Ok, thank you for all that. Now let’s move to the main focus of our interview. You are currently leading a social impact organization that has stepped up during the COVID-19 Pandemic. Can you tell us a bit about what you and your organization are trying to address?

Aunt Bertha is the largest closed-loop social care referral network across the 50 states — this was true before the pandemic and we have continued to add resources and social care programs to our network throughout COVID-19. When the pandemic began, we knew almost immediately that certain life essentials, including food, housing, child and family issues, and access to healthcare, would become crucial as people experienced the economic fallout from layoffs, furloughs and lockdowns. With Aunt Bertha and, we want to be the first resource people turn to if they need to find care or any other social service, and since the need has only intensified during COVID-19, our platform has grown to meet that increased need.

In your opinion, what does it mean to be a hero?

I’ve been reading the Road to Character by David Brooks. There’s two people he writes about that have been on my mind. The first is Dorothy Day, who is a journalist, political activist, social worker and tireless advocate for the poor who started a magazine called The Catholic Worker.

The other hero I keep thinking about is Frances Perkins, who was the first female U.S. Secretary of Labor under President Franklin D. Roosevelt. She witnessed the garment fire in NYC and watched people jump to their deaths and was moved to dedicate her life to safety for workers.

I’ve wondered whether or not they were considered heroes in their time. To me, they were heroes because they quietly produced and did the work and helped people. Being a hero to me goes hand in hand with consciously shunning recognition and quietly doing the work. Of course everyone wants to be recognized, but the ultimate recognition is the faith that it’ll make the impact. Part of what’s so heroic about heroes is that they don’t need the recognition, they’re focused on what they’re doing. In the social care space, I feel the heroes are the social workers. We get to interact with them and witness how much impact they’re making directly on 10, 15, 20 people a day. Their motivation and commitment to helping people in their most fragile moment without recognition in a job that doesn’t pay a lot meets the definition of a hero.

There’s this whole thing about unsung heroes, and it’s something I’ve been thinking about — what the purpose of a heroic figure is and what it means. Being a hero inherently had very little to do with the mythology of the hero, even though the purpose they serve is in inspiring others.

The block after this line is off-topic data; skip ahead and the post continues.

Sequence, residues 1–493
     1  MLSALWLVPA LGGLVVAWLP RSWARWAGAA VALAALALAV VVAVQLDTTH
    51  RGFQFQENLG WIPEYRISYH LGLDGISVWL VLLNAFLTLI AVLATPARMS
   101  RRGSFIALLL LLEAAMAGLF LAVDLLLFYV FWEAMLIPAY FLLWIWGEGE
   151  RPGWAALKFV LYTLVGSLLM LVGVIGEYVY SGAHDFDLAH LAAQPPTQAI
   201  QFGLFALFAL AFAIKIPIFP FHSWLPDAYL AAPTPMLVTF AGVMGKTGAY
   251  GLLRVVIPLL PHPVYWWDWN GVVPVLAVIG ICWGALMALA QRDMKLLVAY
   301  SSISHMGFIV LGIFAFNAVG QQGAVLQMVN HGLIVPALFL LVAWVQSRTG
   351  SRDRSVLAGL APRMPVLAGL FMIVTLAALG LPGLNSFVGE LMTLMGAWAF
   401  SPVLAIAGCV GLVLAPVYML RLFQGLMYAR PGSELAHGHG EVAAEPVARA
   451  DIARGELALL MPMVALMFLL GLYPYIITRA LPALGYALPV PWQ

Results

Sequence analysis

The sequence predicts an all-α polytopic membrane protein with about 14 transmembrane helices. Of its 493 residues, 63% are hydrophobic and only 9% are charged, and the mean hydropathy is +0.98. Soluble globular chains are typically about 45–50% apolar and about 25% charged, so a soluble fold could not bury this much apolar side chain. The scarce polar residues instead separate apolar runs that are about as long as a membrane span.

At Aunt Bertha we started Resolve Magazine, which our Stories team puts together. Resolve focuses on the stories of everyday heroes, social workers, volunteers and people in the community doing the work every day. The intention is to ‘sing’ the stories of everyday, unsung heroes, while inspiring people to do good for their own communities.

In your opinion or experience, what are “5 characteristics of a hero? Please share a story or example for each.

This goes back to the function of heroes vs. what makes someone a hero — heroes are symbolic of what we should aspire to and the kind of selflessness and courage we can look up to. But heroes themselves aren’t made in their own legend, people do that after the fact.

So to your question about what makes a hero, I think there’s really just two things:

  1. Stepping up: Those who recognize wrong and choose to do something about it. The decision to give something up of yourself in pursuit of that. They risk security and have a lifelong commitment to their work. Frances Perkins is an example of this.
  2. Perseverance: Those who dedicate their life to a worthy cause. People who make the commitment to try to accomplish something big and have ’stick-to-it-ness’ in the face of roadblocks, like Dorothy Day. And on this last point, there’s an assumption that people who are doing great things are people who are confident about what they’re doing and know they’re doing the right thing, but that’s not necessarily the case. The difference is that they persisted.

If heroism is rooted in doing something difficult, scary, or even self-sacrificing, what do you think drives some people — ordinary people — to become heroes?